Kusamba is a small Muslim fishing village on the southeast coast of Bali, a six-km bemo ride east of Klungkung. Turn in at Jalan Pasir Putih about 1.5 km east of the town of Kusamba and walk 500 meters to Banjar bias, where you'll see small, bullish outboard-powered outriggers taking on cargo. Boats usually leave twice daily, but only when there are enough passengers.

Another departure point, preferred by Nusa Penida residents, is from Kampung Kusamba about 100 meters from the 'pasar'. These motorized outriggers carry passengers to, among other places, Toyapakeh on Nusa Penida. Make sure you're on the right boat. The 10-km passage takes 45 minutes to one hour, depending on the wind and the choppiness of the water. When you arrive in Toyapakeh, there are frequent bemo to Sampalan. Boats must return to Kusamba by 1400.

From Padangbai the charge is the same. Buy your ticket in the 'loket' to the north of the main Lombok ferry ticket office. The first express ferry departs at around 0630, but you have to wait for it to fill up. And you might wait awhile, what with its 45-passenger capacity.

The crossing takes just 30 minutes, docking at Buyuk just east of Toyapakeh. From there you can hop a bemo east into Sampalan. From Jungut Batu on the northwest coast of the neighboring island of Nusa Lembongan, small 'jukung motor' shoots over to Nusa Penida (45 minutes). Landing at the charming fishing village of Toyapakeh.

'Perahu' sail from Sanur to Toyapakeh (25 km, 1.25 hours) very early in the morning. Check out the day cruises offered by Bali International Yacht Club, tel. 62361-288391, in Sanur, Bali Intan Tours and Travel, tel. 62361-752005 or 752985 in Tuban, and many other outfits that visit the south coast of Nusa Penida. The charge includes free transport to the boat, drinks, packed lunch or Indonesian buffet, and fishing and snorkeling equipment.

Getting Around
Roads cover the island. Good roads run from Toyapakeh to Sampalan and on to Karangsari, and from Toyapekeh to Klumpu. The roads from Klumpu to Batumadeg, Tanglad, and Pejukutan are winding and bumpy but asphalted and traversable. Because of the island's rocky, undulating topography, only motorcycles, trucks, or tough canopied bemo can manage the bumpy, dusty roads of the outlying areas.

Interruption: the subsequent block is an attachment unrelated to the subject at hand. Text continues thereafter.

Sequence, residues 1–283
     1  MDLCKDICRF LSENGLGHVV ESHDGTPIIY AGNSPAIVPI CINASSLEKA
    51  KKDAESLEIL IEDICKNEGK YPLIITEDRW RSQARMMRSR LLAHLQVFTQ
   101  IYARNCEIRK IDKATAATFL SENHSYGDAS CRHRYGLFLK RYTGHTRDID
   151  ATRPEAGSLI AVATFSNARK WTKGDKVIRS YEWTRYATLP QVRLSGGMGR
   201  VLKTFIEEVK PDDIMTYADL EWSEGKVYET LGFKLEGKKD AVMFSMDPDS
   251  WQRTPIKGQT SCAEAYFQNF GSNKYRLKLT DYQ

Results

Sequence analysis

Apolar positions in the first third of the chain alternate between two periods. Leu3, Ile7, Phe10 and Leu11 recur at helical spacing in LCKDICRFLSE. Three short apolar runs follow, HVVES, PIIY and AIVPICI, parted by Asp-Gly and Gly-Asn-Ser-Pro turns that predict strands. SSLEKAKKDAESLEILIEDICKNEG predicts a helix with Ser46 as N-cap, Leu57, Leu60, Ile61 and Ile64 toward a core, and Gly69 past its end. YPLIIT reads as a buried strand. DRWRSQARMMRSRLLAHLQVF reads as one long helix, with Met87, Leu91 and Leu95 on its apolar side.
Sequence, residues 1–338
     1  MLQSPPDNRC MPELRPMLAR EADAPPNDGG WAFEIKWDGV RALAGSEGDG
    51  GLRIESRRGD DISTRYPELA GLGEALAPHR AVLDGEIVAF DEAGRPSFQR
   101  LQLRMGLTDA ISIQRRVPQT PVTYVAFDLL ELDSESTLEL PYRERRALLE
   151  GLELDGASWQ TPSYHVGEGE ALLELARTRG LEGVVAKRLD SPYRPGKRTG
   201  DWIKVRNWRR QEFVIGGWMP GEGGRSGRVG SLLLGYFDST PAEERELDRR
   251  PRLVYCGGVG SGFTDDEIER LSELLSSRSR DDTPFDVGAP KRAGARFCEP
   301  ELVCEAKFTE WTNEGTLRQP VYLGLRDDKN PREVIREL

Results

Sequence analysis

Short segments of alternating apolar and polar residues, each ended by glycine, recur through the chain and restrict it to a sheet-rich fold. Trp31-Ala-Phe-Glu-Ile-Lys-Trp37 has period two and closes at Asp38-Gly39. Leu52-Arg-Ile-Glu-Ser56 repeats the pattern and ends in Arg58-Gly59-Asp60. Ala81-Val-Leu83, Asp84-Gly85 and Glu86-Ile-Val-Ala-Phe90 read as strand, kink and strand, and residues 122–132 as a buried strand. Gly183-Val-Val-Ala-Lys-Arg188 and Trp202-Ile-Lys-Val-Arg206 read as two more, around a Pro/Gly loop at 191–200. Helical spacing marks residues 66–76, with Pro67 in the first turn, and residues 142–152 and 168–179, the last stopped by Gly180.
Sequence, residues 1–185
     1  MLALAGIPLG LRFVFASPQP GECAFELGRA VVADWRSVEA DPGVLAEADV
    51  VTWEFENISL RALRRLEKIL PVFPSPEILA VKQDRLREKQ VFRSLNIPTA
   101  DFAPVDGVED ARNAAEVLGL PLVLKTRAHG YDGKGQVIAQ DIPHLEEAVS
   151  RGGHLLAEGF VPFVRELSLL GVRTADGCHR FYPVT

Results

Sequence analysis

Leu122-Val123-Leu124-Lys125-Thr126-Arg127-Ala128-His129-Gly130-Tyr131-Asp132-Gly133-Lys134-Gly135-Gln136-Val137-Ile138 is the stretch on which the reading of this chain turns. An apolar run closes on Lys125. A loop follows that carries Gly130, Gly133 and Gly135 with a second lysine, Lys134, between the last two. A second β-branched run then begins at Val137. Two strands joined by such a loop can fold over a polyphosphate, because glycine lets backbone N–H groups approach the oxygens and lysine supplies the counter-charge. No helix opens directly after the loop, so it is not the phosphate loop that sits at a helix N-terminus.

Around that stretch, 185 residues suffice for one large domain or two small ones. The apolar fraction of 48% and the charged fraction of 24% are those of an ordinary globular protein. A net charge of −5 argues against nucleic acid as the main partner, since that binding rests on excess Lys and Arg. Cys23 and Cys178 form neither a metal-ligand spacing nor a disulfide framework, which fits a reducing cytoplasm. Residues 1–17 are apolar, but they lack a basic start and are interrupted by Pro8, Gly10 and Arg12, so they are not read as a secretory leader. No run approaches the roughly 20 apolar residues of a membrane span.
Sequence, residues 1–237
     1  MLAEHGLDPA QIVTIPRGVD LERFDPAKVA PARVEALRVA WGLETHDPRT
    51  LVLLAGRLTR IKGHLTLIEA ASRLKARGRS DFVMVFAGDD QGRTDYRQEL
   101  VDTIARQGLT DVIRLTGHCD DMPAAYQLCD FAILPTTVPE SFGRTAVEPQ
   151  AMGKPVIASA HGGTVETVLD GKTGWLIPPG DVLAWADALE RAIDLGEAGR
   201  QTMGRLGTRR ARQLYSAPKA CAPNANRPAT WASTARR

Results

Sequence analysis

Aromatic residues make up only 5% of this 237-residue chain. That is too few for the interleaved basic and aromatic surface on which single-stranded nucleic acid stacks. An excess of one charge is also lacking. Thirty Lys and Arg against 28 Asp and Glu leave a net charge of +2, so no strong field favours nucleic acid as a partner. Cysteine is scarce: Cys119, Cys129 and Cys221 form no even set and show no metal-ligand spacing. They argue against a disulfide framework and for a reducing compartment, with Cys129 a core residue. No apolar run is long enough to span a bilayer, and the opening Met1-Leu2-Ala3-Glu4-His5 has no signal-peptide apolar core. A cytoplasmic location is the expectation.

Bemo run irregularly between the main villages, connecting north coast towns and inland settlements. From Sampalan, 'bemo' begin carrying passengers out to the villages early in the morning, but by the afternoon the terminal is all but empty.

The best way to get around quickly is by motorcycle. As soon as you get off the boat at Buyuk or wander into the Sampalan terminal you'll be approached by motorcycle owners or drivers. You can either drive or be driven. It's cheaper to drive yourself, though the drivers know all the best places, can introduce you to people, and speak better Indonesian.

Expect a per diem price reduction if you take the motorbike for more than a day. Or wait a few days to meet someone, and convince a newfound local friend to drive you around for free (give a 'donation' to his younger siblings afterwards). Make sure your rental agreement makes it clear who pays for gas and oil.

Try to negotiate a free drop-off at your embarkation point back to Bali or Nusa Lembongan. Two good, cautious drivers are recommended: Nyoman Soma Arsana, who can be contacted by telephone through the Kantor Camat (tel. 62366-231.885), and Made Latoni, at Banjar Sental Kawan, Desa Ped.

Getting Away
Take boats to Padangbai (30 minutes) and Sanur (1.25 hours) from Buyuk, one km east of Toyapakeh. Get there by 0700 to buy your ticket at the Departemen Perhubungan office near the pier. Each boat holds about 30 people. If there are enough passengers, a boat sometimes leaves for Padangbai in the afternoon.

From Mentigi Harbor, one km west of Sampalan, hire boats to Banjarbias, then a bemo into Kusamba where other bemo pass by to Amlapura or Klungkung. The Balinese operate an organized transport cartel that fixes all fares to and from Bali-and there's really no way around it if your skin is white. To their credit, most boats offer life-jackets, hard wooden benches, and double 85 hp outboards.

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1 komentar: to “ Nusa Penida

  • Anonymous
    November 20, 2009 at 8:10 PM  

    Nusa Lembongan is one of a small group of islands in addition to Nusa Penida and Nusa Ceningan who entered the territory of Klungkung regency.Visit for more information .